Jesus may be ONE of the reasons for the season—but not THE reason. December 25? Fake news: Pope Julius 1 in the 4th Century officially designated it as Jesus’ birthday in order to Christianize the Pagan festivities already occurring around the Winter Solstice, OR the god Saturnalia, OR Mithra’s birthday the Iranian god of Light, OR the unconquered sun god of the Romans Sol Invictus, OR Egypt’s god Ra—take your pick. Most Christian historians and scholars believe Jesus could not have been born in the winter months of December, but MAY have been born in March. But look deeper: What’s the mythos embedded in this story? Titled the light of the world, Jesus calls us to be imitators of him. For those who follow Jesus, what does that look like for you?

     This year Hanukkah, the Jewish Festival of Lights, began Tuesday, Dec. 12 and ends Wednesday, Dec. 20. Hanukkah centers around the lighting of the nine branches of the menorah, commemorating the successful Jewish revolt against their Greek-Syrian rulers in the second century B.C. The story goes that in rededicating the Jewish temple by lighting the traditional seven-lamp menorah, they found only enough uncontaminated ritual oil for one day. The one-day oil lasted for eight—thus Hanukah’s eight-day celebration. The menorah itself stands for light, wisdom, and Divine inspiration.

     Unlike other Jewish holidays, Hanukkah is not mentioned in the Jewish scriptures.  Is this mythos? Not necessarily an untrue story, but a story based in an actual event which contains universal truths for how Jews make sense of their world, truths that give meaning to their lives.

     Pagan and Wiccan celebrations of the Northern Hemisphere’s Winter Solstice remind us that the sun will return. It’s the promise of light returning to the world. Pre-Christ astronomers observed that at a certain point the days began to get longer—the season of starvation and pestilence was winding down. To ward off death and disease, centuries before Christianity the Scandinavian Vikings believed their sun god Balder particularly favored evergreens and hung them up to court his favor, while other Pagan cultures believed evergreens warded off evil spirits. Festivities sprung up, honoring what’s now called Winter Solstice.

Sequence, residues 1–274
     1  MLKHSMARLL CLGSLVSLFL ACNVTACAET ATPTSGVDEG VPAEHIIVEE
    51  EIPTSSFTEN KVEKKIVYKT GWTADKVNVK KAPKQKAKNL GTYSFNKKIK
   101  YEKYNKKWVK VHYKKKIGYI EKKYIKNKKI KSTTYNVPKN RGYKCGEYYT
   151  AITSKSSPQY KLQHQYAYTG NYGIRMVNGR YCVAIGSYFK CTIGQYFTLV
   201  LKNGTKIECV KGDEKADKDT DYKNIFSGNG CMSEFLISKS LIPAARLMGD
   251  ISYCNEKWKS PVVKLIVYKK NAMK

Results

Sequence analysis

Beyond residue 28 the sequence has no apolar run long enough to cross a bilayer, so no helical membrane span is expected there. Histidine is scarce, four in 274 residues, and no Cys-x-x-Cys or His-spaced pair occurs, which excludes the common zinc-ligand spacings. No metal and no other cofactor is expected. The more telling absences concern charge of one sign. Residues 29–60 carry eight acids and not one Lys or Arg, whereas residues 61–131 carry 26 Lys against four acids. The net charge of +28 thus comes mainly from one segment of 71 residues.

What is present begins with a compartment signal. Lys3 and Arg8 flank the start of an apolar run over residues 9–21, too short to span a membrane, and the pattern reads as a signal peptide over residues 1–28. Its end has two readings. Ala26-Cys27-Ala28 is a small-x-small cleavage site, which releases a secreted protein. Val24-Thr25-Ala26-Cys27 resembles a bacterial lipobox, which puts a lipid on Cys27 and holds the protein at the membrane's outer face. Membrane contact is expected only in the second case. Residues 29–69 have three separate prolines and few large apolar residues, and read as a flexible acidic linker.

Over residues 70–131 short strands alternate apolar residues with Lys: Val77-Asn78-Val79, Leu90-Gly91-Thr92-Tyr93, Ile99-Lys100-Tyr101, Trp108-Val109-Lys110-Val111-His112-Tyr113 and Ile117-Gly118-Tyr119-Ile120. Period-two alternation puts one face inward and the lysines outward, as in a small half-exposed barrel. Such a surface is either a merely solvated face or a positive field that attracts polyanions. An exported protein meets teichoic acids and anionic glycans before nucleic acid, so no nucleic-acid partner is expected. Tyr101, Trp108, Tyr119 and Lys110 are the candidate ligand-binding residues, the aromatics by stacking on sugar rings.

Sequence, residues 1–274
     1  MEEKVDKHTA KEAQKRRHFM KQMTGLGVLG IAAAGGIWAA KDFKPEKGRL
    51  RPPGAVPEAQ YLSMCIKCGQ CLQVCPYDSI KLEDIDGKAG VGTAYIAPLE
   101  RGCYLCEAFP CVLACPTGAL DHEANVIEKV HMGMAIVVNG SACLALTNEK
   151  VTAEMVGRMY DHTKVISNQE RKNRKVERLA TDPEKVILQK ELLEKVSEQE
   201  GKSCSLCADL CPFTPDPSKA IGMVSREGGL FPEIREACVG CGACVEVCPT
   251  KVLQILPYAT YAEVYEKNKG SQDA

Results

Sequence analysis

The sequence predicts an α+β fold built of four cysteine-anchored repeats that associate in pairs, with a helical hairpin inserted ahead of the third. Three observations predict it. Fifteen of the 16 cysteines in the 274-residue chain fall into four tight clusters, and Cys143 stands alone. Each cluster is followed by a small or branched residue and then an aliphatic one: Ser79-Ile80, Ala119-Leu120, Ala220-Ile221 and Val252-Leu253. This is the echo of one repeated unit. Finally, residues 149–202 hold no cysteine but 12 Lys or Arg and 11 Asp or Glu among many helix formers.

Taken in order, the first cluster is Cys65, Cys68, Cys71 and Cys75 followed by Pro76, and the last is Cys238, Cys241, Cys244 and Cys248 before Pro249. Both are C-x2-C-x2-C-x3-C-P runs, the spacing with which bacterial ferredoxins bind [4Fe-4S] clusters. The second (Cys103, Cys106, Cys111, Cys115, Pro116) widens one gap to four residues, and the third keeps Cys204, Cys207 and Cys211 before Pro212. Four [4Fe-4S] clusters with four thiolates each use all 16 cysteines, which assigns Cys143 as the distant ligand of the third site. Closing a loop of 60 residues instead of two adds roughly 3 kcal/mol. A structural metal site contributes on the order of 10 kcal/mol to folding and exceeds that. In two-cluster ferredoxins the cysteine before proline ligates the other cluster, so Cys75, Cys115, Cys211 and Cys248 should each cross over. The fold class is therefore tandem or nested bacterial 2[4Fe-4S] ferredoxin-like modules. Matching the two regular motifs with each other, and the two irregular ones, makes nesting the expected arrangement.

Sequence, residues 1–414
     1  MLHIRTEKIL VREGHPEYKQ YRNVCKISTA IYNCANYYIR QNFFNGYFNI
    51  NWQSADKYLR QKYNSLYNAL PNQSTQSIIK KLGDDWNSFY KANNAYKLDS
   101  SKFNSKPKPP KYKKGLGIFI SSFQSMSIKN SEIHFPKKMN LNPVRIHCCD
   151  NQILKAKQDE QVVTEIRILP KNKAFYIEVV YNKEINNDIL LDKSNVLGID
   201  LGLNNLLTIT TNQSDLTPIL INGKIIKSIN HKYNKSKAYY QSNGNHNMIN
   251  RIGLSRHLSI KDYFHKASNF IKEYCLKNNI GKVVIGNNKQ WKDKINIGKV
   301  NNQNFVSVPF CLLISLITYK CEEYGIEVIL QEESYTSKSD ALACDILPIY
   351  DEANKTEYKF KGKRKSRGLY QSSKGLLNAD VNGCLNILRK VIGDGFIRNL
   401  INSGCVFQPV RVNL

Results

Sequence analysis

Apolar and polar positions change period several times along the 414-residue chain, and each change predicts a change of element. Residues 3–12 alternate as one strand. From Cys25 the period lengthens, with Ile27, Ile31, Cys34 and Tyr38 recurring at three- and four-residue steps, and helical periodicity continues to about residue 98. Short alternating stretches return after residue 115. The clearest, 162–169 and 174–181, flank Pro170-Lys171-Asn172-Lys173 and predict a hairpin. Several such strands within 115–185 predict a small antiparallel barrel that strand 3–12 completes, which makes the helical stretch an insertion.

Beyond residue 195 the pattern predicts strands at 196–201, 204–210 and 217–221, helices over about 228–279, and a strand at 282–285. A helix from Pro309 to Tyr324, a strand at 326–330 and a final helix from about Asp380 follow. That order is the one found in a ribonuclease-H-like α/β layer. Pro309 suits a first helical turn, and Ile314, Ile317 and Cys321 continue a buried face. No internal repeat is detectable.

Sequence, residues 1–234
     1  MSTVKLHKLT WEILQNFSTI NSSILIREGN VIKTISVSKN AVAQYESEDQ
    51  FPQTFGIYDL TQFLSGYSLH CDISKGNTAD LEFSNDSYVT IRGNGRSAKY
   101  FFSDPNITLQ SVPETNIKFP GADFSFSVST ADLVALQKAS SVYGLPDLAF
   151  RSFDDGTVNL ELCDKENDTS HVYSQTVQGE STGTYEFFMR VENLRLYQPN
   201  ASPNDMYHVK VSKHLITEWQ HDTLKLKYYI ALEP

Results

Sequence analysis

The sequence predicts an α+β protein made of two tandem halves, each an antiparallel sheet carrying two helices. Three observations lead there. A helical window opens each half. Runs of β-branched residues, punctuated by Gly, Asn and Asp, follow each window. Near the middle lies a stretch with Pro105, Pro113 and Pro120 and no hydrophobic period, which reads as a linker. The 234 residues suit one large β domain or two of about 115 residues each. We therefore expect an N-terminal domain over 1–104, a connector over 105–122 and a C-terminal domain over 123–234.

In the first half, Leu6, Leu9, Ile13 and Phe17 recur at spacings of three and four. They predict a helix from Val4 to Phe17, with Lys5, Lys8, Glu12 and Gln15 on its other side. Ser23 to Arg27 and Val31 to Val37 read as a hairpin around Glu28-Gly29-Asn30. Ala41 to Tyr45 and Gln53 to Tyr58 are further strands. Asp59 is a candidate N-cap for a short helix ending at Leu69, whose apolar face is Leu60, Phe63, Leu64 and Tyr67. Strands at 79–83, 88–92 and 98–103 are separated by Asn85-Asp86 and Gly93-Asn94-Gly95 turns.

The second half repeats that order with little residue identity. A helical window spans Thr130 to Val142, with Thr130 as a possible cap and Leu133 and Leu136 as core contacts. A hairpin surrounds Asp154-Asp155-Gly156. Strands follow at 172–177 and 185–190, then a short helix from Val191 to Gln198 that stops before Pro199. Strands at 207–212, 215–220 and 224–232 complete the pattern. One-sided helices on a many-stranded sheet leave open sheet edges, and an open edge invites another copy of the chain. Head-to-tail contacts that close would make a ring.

Advent means the arrival of a notable person, thing, or event. Pagan cultures prepared for their Advent—the return of the sun—by honoring the night, a time of rest and restoration for the land and its many creatures. Of course, minimal resources to spend on candles or torches encouraged this withdrawal into their caves—and perhaps into themselves, where stories, songs and poems spring from.

     During this season of Advent peace settles over me as I sink into the deep rhythms of nature and that transcendent Energy flowing through all life.

     Can the seasonal drift toward the coming light infuse your spirit with hope?  What symbols within your mythos resonate within you? Can you lift beauty from the core mystery of what remains? Can you be a light-bringer to those around you? Can you sit with the dark, the night—symbolic often for suffering—and contemplate what life holds for you?

     If any words in this blog pinged your psyche/spirit, sit with them mindfully: paying attention to the present moment, on purpose, and nonjudgmentally (Note 3).


Notes & Sources:

1.) On myth: Maureen Murdock’s The Heroine’s Journey, Joseph Campbell’s The Hero With a Thousand Faces, Carl Jung’s map of the soul, Clarissa Pinkola-Estes work on fairy tales, and Ian Barbour and John Polkinghorne on the intersections of science and religion.

2.) “Where did Christmas Come From?”; the author uses excerpts from various documents.

3.) Kabat-Zinn, Jon. The founder of Mindfulness-Based Stress Reduction, calls this practice mindfulness.


About the Author: Rev. Mary Coday Edwards is a Spiritual Growth Facilitator and People House Minister. A life-long student of spirituality, Mary spent almost 20 years living, working and sojourning abroad in Asia, Southeast Asia, East Africa, and Latin America before finding her People House “tribe” and completing its Ministerial Program. Past studies include postgraduate studies from the University of South Africa in Theological Ethics/Ecological Justice, focusing on the spiritual and physical interconnectedness of all things. With her MA in Environmental Studies from Boston University, abroad she worked and wrote on environmental sustainability issues at both global and local levels, in addition to working in refugee repatriation

Here is a list of the other blog Mary has written for People House: